That’s great. What’s your next race? Do you have one targeted? Is it Chicago?

Yeah, I think the next marathon will be Chicago in the fall. there’s a 10 K race, the Beach to Beacon, you may have heard of it.

In Portland?

It’s actually in Cape Elizabeth. It’s put on by Joan Benoit Samuelson. It’s in August, so I’ll probably do that one and then shoot for the fall marathon.

Well, I think that’s all my questions.

Nice, well, thanks for calling. I appreciate it.

Sure, well, thanks for running so fast.

No problem.

Why A Good Camp Grill Is Important}

May 19th, 2017

Why a Good Camp Grill is Important


Shannon Becki

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Camping is a fun outdoor family activity. Taking your family camping can create memories that they will never forget. However, before you go, you want to make sure that you have all of the necessary camping equipment that you will need to have a great camping trip. One of the best parts of camping is the food that you get to enjoy and do not eat all the time at home. Having a camp grill

that is easy to use as well as made for the outdoors is a huge plus for any outdoor camping adventure.Camp grills come in all shapes and sizes, as well as price ranges.Using a grill that is easy to set up can make your trip so much better. The Quad Pod grill is one that offers these features and so much more. This grill has four sturdy legs that will make cooking on an open fire a breeze.Weighing in at 13 pounds, this grill is very portable and easy to carry, which is great if you have to carry supplies at any distance.Setting up the Quad Pod camp grill is easy. There are no tools required. You can adjust the grill to the height that is needed for your fire, which makes this grill even more versatile. With an extra side table, you have the ability to prepare your food or you can use it for extra cooking space on the grill. Most portable grills are not easy to clean, however this one makes clean up very easy. Because you can break the grill down to the racks, you will not be spending all night cleaning it. The Quad Pod grill is chrome plated, which helps prevent food from sticking. Camping trips should be fun and memorable. Making sure that you have a good camp grill is part of being ready for your camping trip. The Quad Pod is affordable and a campers’ dream grill. After using it once you will wonder how you ever camped without it. Make sure that your next camping trip is one that is remembered with good food and fun times by your family.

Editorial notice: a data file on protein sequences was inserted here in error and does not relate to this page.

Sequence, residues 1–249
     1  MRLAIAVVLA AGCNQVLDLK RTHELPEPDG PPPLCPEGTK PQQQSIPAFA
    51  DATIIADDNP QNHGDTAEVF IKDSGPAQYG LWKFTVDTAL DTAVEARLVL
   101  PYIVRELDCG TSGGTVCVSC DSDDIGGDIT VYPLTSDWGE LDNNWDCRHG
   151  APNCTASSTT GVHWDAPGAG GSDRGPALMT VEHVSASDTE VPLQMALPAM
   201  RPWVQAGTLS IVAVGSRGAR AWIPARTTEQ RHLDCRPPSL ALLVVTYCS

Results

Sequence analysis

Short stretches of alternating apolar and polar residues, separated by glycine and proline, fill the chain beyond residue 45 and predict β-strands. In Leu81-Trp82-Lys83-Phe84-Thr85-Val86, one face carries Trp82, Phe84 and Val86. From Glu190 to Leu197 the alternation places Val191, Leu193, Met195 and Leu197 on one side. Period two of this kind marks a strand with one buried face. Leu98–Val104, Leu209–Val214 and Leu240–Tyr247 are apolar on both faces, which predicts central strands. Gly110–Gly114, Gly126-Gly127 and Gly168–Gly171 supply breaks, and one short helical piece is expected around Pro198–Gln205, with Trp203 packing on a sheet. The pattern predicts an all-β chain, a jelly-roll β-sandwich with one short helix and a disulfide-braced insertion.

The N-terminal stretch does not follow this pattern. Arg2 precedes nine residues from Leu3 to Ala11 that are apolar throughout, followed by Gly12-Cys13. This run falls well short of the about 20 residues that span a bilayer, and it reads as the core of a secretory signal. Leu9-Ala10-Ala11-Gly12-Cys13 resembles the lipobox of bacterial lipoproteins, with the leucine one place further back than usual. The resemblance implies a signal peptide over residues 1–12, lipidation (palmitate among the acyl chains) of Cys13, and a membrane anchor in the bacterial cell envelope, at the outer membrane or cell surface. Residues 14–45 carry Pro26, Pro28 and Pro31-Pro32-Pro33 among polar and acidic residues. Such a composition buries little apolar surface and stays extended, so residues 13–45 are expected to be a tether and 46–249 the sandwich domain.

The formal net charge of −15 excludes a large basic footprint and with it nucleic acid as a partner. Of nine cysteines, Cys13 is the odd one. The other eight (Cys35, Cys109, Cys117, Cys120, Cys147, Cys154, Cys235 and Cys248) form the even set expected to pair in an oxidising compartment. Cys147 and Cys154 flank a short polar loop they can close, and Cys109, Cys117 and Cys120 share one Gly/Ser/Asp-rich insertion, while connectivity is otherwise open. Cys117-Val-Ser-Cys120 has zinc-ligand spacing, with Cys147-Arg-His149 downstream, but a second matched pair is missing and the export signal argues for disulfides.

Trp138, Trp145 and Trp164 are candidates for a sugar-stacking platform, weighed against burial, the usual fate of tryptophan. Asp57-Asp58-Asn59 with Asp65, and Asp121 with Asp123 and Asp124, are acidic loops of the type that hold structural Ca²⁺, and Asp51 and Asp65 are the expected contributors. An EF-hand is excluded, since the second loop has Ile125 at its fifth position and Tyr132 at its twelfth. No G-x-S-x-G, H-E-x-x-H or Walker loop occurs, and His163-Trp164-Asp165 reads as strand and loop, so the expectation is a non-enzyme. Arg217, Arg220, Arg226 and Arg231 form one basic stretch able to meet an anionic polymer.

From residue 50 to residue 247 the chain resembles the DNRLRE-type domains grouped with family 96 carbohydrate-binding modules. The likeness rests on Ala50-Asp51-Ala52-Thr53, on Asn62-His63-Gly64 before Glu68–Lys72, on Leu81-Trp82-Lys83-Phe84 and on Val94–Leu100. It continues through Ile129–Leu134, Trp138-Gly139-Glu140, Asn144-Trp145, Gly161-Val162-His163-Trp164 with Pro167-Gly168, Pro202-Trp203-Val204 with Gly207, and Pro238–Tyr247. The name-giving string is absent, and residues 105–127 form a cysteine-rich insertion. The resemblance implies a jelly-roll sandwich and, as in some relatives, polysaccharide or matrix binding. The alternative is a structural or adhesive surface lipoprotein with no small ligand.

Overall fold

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US interrogators complain of “sickening” pressure for evidence on Iran

May 19th, 2017

Tuesday, November 13, 2007

US interrogators have claimed that they are under pressure to find incriminating evidence against Iran when they interview Iraqi insurgents, The Observer reported on Sunday.

Micah Brose, a privately contracted interrogator working for the US military in Iraq, told the British newspaper that information about Iran is “gold”.

“They push a lot for us to establish a link with Iran (when interrogating prisoners)”, he claimed in the interview, adding that “it feels a lot like, if you get something and Iran’s not involved, it’s a let down.” He further claimed that people have said to him that “they’re really pushing the Iran thing”. Brose denied being asked to manufacture evidence, but stated that “if a detainee wants to tell me what I want to hear so he can get out of jail … you know what I’m saying.”

The US government accuses Iran of arming insurgents in neighbouring Iraq, and refuses to rule out military action against Iran for its alleged attempts to build nuclear weapons. In the past the US has been accused of using exaggerated and fabricated evidence to build its case against Iraq prior to the war.

The Observer article, which has not been picked up by any other mainstream news agency (but reported in Iran), also quoted a military intelligence officer as saying that “The message is, ‘Got to find a link with Iran, got to find a link with Iran.’ It’s sickening.”

American comedian Mitch Hedberg dies on tour at 37

May 19th, 2017

Saturday, April 2, 2005

Stand-up comedian Mitch Hedberg was found dead Wednesday in his hotel room in New Jersey. The comedian, originally from the St. Paul, Minnesota region, was on an east coast tour of the USA. Hedberg started his career in South Florida, and later worked in Seattle.

While the cause of Hedberg’s death is yet unconfirmed, Hedberg’s performance at a show in Portland, Maine in October 2004 suggested he might have a problem with drug use. According to Steve Kolowich of the Bowdoin Orient, “Hedberg, who was clearly intoxicated, was falling down all over the stage that night. At one point, he lay down behind the back curtain and told jokes for approximately ten minutes before rolling back into sight. He also asked the audience where the best bar in town was, and invited them to join him there after the show.”

According to an AP report on KLTV.com, Hedberg’s mother, Mary Hedberg, claimed speculation that her son’s death was drug-related was “gossip.” The same report notes that services will be held in Woodbury, Minnesota on Tuesday, April 5.

Hedberg, a frequent guest on Late Night with David Letterman, had released two CDs titled Strategic Grill Locations and Mitch All Together. He also directed a movie, “Los Enchiladas!” The movie premiered at the Sundance Film Festival.

The Lower Cost Of Solar Panels Helps To Make Solar Power A Reality.

May 17th, 2017

By Christopher Lollini

The most important/expensive part of most modern home solar power systems is the solar panel itself; thus the solar panels price drives the cost of the system. This single component handles the conversion of sunlight to power and choosing the right model for your home can have a huge impact on your systems efficiency. These panels have become less expensive and more efficient in recent years and offer a much better value over the long term than ever before. Understanding the differences between panels can help you also understand the reason for a particular solar panels price. Even though most models of panels for homes are less expensive than ever before, trying to balance the cost of solar panels with their efficiency will help you make the right decision.